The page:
Around 3,000 people may lose their jobs in Austria as a leading drugstore chain declared itself bankrupt.
It was reported last Friday that discounter Schlecker may be forced to stop operating due to declining turnover. The German company announced yesterday (Mon) it opted for starting controlled insolvency procedures in a bid to stay in business. The step means that Schlecker’s German staff can be sure of receiving their regular salaries in the coming three months. Experts think that hundreds of the company’s 7,000 stores in Germany could be shut or taken over by rivals. Schlecker is represented in eight European countries.
Schlecker Austria is not part of the bankruptcy negotiations. A spokesman for the company claimed yesterday that the firm’s 3,000 staff must not fear losing their jobs. Analysts expect a considerable number of Schlecker Austria shops to close for good nevertheless. The German company – which focuses on offering low-priced cosmetics and housekeeping products – currently runs 970 stores in Austria. The number of Schlecker Austria branches has dropped dramatically since 2005 as the firm’s competitors Bipa and DM proved to be stronger.
Bipa, which belongs to the Rewe Group, dominates the market but DM is catching up. There are around 560 Bipa stores in Austria. DM achieves a turnover nearly as high as Bipa’s, according to business newspaper reports. Müller, another German company, is challenging the position of Bipa and DM with larger stores.
Creditors of Schlecker stressed that the family who owned the firm must contribute private assets to the rescue of the business. Business partners of the Ehingen-based enterprise – which achieved a turnover of 6.55 billion Euros in 2010 – expressed concerns about whether the firm would be capable of paying for products. Several enterprises allegedly consider stopping delivering to Schlecker until the situation was clarified while Austrian trade unionists said they would wait to see if Schlecker Austria employees received their January wages before planning further steps.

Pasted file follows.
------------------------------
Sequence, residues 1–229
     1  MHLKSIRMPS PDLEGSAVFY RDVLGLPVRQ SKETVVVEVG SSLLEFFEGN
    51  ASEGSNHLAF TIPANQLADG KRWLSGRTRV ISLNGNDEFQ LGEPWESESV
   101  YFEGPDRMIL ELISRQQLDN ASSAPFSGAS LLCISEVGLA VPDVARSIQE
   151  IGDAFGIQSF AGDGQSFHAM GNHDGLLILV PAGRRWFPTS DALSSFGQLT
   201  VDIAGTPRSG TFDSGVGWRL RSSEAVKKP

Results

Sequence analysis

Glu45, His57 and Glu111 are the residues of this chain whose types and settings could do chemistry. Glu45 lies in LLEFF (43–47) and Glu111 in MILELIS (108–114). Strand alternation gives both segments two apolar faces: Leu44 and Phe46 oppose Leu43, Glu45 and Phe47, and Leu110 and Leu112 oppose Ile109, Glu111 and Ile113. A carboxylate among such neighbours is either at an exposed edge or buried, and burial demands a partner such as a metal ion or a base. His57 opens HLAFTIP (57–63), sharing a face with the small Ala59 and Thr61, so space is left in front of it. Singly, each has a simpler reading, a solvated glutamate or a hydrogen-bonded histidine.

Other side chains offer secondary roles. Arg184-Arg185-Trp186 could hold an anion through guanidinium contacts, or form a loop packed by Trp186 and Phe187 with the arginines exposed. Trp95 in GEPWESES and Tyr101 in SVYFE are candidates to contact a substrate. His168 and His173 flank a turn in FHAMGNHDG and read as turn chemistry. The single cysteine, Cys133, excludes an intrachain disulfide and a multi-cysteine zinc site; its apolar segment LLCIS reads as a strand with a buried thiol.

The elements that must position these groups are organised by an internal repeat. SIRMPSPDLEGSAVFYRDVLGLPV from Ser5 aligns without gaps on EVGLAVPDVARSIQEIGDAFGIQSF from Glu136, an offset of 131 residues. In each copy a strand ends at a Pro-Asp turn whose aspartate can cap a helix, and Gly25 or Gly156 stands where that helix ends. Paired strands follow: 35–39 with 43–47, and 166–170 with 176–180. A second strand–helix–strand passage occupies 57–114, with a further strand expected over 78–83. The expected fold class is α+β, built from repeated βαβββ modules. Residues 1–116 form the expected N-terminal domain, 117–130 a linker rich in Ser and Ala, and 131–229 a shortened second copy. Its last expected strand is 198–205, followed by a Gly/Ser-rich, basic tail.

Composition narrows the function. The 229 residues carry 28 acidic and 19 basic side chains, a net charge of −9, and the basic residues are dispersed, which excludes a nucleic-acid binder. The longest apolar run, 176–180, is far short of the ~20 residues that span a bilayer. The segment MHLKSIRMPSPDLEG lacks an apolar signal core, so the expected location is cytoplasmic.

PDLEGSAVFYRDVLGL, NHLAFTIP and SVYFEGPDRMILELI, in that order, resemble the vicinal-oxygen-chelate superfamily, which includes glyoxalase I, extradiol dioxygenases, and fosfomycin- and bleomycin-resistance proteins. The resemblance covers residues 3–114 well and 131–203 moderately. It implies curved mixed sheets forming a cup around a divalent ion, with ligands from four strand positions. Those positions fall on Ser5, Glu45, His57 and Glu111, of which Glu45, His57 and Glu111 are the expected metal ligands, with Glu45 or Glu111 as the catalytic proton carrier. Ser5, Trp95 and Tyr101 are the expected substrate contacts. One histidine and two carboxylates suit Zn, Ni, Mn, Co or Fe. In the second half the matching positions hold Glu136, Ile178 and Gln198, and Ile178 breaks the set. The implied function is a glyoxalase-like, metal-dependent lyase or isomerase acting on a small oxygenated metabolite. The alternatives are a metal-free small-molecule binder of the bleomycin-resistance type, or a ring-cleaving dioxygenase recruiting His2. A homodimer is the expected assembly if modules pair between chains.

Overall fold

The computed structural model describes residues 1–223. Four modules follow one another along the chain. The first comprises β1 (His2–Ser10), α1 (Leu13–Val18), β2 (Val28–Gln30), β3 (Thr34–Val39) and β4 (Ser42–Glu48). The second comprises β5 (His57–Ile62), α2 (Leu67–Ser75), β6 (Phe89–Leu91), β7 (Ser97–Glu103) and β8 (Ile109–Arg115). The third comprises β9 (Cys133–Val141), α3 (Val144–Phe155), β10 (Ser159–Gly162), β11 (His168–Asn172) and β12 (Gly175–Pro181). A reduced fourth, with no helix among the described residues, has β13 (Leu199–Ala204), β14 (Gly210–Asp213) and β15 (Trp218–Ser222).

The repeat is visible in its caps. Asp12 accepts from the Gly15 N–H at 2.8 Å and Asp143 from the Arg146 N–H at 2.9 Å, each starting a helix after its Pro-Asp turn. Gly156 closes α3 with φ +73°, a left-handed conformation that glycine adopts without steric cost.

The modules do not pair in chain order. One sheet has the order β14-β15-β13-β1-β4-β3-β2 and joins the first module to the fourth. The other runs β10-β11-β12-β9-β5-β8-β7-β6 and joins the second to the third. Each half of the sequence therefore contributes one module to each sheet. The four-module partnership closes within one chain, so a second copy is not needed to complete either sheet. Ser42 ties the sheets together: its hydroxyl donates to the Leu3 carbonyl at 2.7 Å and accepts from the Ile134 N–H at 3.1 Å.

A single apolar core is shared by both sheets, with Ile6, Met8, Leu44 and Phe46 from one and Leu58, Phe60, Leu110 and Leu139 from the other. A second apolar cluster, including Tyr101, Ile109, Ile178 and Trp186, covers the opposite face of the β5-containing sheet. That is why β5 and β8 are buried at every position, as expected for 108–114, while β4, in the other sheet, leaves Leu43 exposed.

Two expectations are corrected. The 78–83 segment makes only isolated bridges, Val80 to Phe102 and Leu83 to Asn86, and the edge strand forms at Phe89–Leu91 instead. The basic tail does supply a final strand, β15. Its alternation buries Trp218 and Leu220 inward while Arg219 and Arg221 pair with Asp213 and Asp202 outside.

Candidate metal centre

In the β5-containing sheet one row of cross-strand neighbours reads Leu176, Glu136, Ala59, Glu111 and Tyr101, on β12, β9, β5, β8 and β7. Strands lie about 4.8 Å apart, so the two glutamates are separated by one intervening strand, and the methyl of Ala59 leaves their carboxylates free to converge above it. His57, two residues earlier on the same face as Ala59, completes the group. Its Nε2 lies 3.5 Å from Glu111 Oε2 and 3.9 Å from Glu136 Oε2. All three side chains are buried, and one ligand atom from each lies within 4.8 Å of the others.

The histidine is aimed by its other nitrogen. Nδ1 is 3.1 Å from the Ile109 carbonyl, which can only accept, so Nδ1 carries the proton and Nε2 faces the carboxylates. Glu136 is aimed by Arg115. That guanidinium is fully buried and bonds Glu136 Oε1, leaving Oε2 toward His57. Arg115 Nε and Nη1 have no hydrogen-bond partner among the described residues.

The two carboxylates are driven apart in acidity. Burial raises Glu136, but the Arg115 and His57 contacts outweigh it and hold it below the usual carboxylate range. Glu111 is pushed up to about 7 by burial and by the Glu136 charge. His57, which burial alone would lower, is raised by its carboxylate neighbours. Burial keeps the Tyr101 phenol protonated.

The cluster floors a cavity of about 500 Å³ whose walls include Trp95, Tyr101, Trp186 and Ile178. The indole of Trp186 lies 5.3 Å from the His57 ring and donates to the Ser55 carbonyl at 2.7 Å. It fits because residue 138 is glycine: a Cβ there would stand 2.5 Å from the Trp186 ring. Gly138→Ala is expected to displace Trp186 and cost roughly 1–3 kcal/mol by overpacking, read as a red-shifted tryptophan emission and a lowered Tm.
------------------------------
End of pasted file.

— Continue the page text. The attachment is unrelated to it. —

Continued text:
News that Schlecker Austria could be dragged into the eye of the economic storm of its German mother company comes only days after Sony revealed plans to lay off 158 of its 1,300 staff at two factories in the province of Salzburg. The international technology company produces CDs and DVDs in facilities located in Anif and Thalgau. Sony is reportedly holding talks with works council leaders about the amount of financial compensation for the affected workers.
Research by the European Commission’s (EC) statistic organisation Eurostat showed earlier this month that Austria had the lowest jobless rate among the European Union’s (EU) 27 member countries last year. Only four per cent of people living in the country were out of work last year. The number of Austrian citizens who had a job reached a record level of 3.42 million in 2010, according to figures presented by Social Democratic (SPÖ) Labour and Social Affairs Minister Rudolf Hundstorfer.